Sergi Vidal , Centre for Demographic Studies
This paper examines the importance of family life courses for personal wealth inequalities in later life and explores whether the deviation from the normative family pathway associates with long-term economic consequences. We extend prior research on the antecedents of economic wellbeing in older ages in two relevant ways. First, we use comprehensive accounts of the entire family live combining marital and fertility histories to identify relevant family trajectories. Second, we examine personal wealth instead of household wealth, as the former is increasingly considered a better measure for personal wellbeing and ensures comparability between individuals living in diverse household compositions. Along these lines, we propose the following main research question: How does the divergence to “traditional family trajectory” patterns impact wealth at older age? Empirically, we examine sequences of partnership and fertility episodes that span from early adulthood to pre-retirement age using multichannel sequence analysis and cluster analysis. This enables the identification of major family patterns, which we use to assess family paths that are linked to unequal wealth levels at age 51 to 59. The empirical analyses use longitudinal data from the German Socio-Economic Panel Study. Preliminary results indicate that a family pathway featuring a continuous, stable marriage with two children – the normative family pattern – associates with the highest levels of personal net wealth at older age. We also find that an increasing deviation from the standard trajectory leads to higher personal wealth penalties at older age. Larger penalties are observed in eastern Germany than in western Germany.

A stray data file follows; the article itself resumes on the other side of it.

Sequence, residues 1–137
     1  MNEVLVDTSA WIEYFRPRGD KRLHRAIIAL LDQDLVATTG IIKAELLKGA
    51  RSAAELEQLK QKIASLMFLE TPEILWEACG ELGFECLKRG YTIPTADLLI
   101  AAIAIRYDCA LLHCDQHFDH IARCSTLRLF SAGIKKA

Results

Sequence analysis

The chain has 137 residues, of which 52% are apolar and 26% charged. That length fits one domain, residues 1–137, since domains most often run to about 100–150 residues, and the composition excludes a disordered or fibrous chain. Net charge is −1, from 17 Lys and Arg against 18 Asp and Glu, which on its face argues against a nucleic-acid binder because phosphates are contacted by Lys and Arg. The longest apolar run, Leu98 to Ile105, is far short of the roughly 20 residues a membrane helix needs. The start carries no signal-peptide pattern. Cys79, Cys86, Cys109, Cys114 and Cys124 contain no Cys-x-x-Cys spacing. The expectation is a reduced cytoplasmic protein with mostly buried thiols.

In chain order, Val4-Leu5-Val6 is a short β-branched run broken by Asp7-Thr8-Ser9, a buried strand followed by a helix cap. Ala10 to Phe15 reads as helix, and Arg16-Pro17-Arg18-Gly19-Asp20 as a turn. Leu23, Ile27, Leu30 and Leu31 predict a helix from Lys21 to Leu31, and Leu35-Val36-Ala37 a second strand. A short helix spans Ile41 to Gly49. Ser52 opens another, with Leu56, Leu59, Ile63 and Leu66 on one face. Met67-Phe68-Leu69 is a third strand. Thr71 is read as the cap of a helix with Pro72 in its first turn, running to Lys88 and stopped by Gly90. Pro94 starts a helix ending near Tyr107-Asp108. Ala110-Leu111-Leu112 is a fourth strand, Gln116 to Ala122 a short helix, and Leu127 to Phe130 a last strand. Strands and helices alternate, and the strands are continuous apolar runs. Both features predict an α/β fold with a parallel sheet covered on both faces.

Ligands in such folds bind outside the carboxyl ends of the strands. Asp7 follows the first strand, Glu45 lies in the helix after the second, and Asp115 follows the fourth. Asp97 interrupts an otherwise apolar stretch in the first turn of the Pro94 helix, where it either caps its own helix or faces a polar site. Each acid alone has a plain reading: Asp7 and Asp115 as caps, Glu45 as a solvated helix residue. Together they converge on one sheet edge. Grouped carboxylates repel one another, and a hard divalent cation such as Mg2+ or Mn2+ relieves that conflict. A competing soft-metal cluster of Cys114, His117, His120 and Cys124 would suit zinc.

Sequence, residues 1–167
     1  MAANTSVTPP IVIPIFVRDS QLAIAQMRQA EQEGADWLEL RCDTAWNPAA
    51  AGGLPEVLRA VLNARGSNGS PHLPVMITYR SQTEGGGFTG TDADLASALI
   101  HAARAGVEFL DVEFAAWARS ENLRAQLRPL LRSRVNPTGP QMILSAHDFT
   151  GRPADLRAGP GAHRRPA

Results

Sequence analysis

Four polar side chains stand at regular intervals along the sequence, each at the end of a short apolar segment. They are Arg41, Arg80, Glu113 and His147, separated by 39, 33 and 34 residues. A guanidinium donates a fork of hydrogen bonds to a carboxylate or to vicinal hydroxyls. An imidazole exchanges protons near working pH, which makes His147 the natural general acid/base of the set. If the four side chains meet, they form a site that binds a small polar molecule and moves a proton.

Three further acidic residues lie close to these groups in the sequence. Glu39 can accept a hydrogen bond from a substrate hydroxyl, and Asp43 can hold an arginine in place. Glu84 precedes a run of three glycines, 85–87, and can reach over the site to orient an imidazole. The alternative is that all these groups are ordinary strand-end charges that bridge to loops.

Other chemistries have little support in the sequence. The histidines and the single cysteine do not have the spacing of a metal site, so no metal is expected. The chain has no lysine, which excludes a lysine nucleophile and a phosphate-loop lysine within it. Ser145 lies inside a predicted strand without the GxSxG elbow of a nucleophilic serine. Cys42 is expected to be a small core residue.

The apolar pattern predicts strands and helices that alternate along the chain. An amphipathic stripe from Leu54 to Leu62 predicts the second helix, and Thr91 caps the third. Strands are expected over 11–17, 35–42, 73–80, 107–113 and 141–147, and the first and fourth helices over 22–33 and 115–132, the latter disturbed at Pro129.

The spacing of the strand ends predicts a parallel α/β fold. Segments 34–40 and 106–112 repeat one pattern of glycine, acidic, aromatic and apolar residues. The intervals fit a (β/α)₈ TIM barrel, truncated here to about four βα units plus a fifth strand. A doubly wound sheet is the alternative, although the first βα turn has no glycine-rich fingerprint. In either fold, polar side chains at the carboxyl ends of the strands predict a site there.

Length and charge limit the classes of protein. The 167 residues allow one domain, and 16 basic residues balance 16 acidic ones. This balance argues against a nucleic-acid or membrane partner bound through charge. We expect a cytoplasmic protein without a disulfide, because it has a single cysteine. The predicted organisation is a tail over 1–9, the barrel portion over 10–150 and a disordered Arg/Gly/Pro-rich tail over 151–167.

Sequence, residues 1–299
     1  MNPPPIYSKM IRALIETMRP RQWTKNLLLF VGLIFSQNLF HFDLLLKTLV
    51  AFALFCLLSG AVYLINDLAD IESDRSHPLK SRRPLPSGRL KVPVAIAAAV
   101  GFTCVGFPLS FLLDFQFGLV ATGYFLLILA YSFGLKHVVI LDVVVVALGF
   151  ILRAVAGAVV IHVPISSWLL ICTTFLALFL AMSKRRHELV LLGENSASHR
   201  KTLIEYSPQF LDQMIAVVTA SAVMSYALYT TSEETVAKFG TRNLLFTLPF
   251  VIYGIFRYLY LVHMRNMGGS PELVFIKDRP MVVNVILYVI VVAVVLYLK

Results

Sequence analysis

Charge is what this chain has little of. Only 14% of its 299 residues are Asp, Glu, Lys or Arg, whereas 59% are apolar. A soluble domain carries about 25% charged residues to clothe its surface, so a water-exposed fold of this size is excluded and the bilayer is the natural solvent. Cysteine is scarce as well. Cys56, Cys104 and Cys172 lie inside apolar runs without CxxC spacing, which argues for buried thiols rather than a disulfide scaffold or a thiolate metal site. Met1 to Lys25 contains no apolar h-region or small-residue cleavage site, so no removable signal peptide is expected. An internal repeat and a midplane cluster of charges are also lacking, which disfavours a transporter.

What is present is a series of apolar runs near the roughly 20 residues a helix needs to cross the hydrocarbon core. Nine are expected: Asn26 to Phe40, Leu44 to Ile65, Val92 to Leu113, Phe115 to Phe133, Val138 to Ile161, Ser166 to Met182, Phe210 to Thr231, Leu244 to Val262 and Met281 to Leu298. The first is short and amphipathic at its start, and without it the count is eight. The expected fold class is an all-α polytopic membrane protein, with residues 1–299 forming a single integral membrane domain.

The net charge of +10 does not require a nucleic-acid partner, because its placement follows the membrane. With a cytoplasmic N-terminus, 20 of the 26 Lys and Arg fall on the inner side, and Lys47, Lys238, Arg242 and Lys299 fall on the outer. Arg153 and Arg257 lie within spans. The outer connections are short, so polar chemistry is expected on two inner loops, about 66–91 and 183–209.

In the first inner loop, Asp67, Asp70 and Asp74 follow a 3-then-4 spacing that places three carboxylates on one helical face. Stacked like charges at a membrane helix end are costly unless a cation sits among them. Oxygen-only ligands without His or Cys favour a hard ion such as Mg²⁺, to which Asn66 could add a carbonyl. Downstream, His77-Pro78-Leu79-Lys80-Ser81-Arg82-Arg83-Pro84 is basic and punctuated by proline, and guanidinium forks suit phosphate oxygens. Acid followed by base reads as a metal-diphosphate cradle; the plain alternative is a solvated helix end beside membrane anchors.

Presented in Session 2. Economic and Emotional Well-being across the Life Course